Wednesday, 30 December 2009

RSHYR: Slice of history for Lion New Zealand crew

Lion New Zealand. skippered by Alistair Moore, near Cape Raoul. Image copyright ROLEX/Kurt Arrigo.

by Lisa Ratcliff

Dave Dobbins’ unofficial New Zealand anthem ‘Slice of Heaven’ was playing loudly on the stereo and the huge black New Zealand flag was flying on the Whitbread maxi Lion New Zealand’s forestay as the crew celebrated their arrival in Hobart this morning, 25 years on from the boat’s Sydney Hobart line honours win.

The winning helmsman from 1984 was the late Sir Peter Blake and today his 26 year old daughter, Sarah-Jane, surveyed the Hobart waterfront as the large crowds enjoyed the summer sunshine and the spectacle of the annual Rolex Sydney Hobart finish.

“I did it to get to know Dad a little better,” said Sarah-Jane. When asked had the trip been emotional, she said “I’ve been busy and tired; when you stop and think about it, it can mess with your head.”

The 1984 Sydney Hobart was particularly rough while this year’s race has been fairly benign, apart from a couple of 30-35 knot squirts and rough seas that drenched the crew sitting on the rail.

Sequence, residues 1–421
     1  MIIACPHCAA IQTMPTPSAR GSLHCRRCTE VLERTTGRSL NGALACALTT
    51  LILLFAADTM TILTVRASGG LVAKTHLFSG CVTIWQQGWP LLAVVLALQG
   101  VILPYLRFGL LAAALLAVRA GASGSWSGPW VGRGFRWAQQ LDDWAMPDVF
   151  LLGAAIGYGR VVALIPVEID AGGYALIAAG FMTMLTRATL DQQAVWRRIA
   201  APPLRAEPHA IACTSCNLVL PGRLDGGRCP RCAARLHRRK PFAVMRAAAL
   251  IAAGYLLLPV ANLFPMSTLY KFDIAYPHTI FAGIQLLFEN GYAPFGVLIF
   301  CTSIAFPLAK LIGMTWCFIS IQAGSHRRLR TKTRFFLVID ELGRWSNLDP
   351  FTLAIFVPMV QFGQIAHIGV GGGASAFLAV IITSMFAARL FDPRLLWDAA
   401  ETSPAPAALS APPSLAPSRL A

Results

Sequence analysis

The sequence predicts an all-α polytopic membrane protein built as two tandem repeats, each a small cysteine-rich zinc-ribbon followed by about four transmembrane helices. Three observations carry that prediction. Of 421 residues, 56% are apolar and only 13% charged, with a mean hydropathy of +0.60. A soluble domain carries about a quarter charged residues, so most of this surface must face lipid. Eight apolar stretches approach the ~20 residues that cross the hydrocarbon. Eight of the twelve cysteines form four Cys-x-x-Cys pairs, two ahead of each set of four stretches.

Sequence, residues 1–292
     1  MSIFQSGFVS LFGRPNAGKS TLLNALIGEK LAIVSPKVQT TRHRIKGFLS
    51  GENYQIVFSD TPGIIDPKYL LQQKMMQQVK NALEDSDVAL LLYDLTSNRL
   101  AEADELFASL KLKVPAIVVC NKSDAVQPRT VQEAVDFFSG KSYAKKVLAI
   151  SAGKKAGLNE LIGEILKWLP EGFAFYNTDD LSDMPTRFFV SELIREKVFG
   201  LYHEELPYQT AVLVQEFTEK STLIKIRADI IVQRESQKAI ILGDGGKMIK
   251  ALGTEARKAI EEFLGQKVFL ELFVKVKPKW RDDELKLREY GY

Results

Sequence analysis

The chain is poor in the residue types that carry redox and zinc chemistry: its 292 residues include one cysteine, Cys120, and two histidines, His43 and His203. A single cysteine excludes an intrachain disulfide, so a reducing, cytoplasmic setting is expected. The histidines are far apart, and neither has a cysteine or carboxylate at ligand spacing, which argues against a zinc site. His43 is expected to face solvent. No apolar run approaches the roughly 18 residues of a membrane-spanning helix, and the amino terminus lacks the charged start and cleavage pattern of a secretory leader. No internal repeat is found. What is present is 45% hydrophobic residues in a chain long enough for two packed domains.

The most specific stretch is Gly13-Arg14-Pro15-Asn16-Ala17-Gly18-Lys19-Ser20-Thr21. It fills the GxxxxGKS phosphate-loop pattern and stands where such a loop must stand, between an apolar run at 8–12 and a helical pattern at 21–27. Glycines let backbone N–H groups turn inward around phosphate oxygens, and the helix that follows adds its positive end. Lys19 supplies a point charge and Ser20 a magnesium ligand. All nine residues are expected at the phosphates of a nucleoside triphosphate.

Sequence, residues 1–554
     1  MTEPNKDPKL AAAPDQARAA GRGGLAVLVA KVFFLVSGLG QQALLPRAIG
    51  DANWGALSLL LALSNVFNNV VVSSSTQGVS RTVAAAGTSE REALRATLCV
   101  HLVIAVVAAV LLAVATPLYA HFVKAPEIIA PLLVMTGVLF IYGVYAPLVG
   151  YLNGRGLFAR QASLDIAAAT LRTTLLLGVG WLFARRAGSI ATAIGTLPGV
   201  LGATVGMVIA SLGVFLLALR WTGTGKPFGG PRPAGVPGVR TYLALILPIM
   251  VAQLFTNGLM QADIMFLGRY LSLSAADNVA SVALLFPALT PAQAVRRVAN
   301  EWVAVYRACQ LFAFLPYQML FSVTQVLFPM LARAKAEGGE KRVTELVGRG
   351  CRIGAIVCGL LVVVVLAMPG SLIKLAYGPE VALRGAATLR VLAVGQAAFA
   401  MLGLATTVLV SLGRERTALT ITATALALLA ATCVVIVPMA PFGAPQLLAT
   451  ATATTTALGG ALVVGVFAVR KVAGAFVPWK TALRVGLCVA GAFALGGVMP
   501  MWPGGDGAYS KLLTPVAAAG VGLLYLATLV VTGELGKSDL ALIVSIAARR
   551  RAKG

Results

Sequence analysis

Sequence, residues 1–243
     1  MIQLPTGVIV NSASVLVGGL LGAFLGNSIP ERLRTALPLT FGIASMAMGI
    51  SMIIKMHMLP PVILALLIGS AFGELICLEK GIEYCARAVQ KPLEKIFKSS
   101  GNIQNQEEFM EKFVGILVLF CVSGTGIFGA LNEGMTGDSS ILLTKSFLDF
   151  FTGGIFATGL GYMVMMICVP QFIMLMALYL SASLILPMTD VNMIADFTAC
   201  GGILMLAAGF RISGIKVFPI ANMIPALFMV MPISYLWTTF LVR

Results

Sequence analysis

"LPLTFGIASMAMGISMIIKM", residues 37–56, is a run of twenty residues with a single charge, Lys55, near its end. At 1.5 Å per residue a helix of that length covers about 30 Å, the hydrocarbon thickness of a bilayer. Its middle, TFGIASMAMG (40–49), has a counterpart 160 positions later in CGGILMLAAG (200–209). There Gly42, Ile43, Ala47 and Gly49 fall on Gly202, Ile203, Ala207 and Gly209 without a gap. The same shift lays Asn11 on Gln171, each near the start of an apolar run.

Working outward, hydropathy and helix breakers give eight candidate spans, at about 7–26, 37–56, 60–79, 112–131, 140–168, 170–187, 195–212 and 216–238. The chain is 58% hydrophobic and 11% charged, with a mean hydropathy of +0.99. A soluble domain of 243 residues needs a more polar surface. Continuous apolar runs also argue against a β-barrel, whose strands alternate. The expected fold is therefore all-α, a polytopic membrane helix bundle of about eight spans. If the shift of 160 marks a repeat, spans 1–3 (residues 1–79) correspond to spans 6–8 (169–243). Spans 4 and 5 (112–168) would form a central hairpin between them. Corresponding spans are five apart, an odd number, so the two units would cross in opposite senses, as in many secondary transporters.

Sam Cray, the 18 year old son of original crewmember Godfrey Cray reflected “we have a connection with what they did. They were the last of the Corinthian crew of that era who all volunteered and paid their own way. They were a bit like a travelling rugby team.”

Lion New Zealand’s modern day crew can identify with the Corinthian spirit, they have come under their own steam with support from skipper Alistair Moore and Blair Smeal and the Lion New Zealand Charitable Trust, which was established to preserve New Zealand’s unique maritime history by ensuring significant vessels remain in working order.

Cray was in awe of the boat’s arrival in Hobart in 40th place at 12:40pm today. “If anyone had said six months ago that I was going to do a Rolex Sydney Hobart I would have laughed.

“One spectator boat met us at the mouth of the Derwent River, then by the time we finished the fleet had built to 10. Back then [1984] the finish must have been amazing.”

The third offspring from the 1984 crew is Conrad Gundry, the 20 year old son of Simon Gundry. He described the welcome in Hobart this morning as “a fantastic reception”.

At the race finish, Bill Thomas, chef and camera operator, provided an extra special moment when he presented each of the 14 crew with an original crew supporter pin from the boat’s 1984 win.

Rolex Sydney Hobart Yacht Race

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